The seminal tale of Iannone's advocacy for sexual liberation.
“As much as Love and Eros have defined my work since its beginnings, so too has censorship or its shadow, accompanied it,” recalls Dorothy Iannone in her introduction to this facsimile publication of her legendary “The Story of Bern, [or] Showing Colors.”
First published in 1970, the book documents the censorship of Iannone's work “The (Ta)Rot Pack” (1968–1969) and the subsequent removal of all his works by her then companion, artist Dieter Roth, from a collective exhibition at the Kunsthalle Bern. For his exhibition entitled “Freunde,” Harald Szeemann invited Karl Gertsner, Roth, Daniel Spoerri, and André Thomkins who all decided to exhibit their artists friends; Roth chose Iannone alongside Emmett Williams. The censorship of Iannone, and Roth's protest, eventually led to Harald Szeemann's resignation as the director of the institution.
Telling the story of this act of censorship as well as the context of the exhibition in Bern and its iteration in a non-censored version in Düsseldorf, “The Story of Bern” is emblematic of Iannone's distinctive, explicit, and comic book style, and of her openness about sexuality and the strengthening of female autonomy.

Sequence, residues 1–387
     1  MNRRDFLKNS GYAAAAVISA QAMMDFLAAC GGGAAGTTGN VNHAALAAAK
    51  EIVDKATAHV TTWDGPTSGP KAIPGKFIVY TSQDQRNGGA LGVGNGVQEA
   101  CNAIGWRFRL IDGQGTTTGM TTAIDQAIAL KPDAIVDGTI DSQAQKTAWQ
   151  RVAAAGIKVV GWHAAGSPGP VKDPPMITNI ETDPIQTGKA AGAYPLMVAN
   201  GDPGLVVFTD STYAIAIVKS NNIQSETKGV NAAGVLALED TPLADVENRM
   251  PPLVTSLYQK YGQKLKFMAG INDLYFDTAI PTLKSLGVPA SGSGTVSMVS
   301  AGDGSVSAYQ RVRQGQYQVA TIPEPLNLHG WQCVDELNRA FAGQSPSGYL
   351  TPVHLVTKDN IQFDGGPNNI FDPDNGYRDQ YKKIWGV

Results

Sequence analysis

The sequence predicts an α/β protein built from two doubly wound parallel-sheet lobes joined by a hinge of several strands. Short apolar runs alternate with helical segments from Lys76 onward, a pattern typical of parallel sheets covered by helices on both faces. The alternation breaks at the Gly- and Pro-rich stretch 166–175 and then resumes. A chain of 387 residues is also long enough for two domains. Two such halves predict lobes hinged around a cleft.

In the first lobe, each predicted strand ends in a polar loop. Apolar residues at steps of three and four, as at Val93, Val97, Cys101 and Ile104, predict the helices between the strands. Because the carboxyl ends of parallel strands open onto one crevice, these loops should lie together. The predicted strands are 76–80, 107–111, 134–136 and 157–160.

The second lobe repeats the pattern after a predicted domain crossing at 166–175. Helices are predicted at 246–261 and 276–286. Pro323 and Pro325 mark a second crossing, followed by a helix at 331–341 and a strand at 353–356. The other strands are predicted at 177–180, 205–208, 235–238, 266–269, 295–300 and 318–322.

Accompanied by a 4-page insert that includes a new text by Dorothy Iannone and an essay about the context of the book publication by Centre Pompidou curator Frédéric Paul, this publication is a facsimile of the original 1970 “The Story of Bern, [or] Showing Colors.” It follows the facsimile publication of “A CookBook” by JRP|Editions in 2018.
Published on the occasion of the artist's exhibition at the Centre Pompidou, Paris, from September 26, 2019, to January 6, 2020.
Since the early 1960s, American artist Dorothy Iannone (1933-2022) has occupied herself with the attempt to represent ecstatic love: “the union of gender, feeling and pleasure,” as she herself described it. Her oeuvre encompasses paintings, drawings, collages, video sculptures, objects, and publications. A narrative element, fed with personal mythologies, experiences, feelings, and relationships, runs through all of her works. Particularly in her late figurative painting, which almost appears to dissolve into the ornamental, she created scenarios in symbolic settings, in which she also consistently celebrated a playful handling of the subject matter. Since the 1960s, this visual self-empowerment has been read as a contribution to the liberalization of female sexuality. On the other hand, Iannone, who took a spiritual, existential approach, has never seen herself as part of a feminist movement. However, in bringing her works to the public, she inevitably manifested a self-understanding through her handling of controversial subject matter.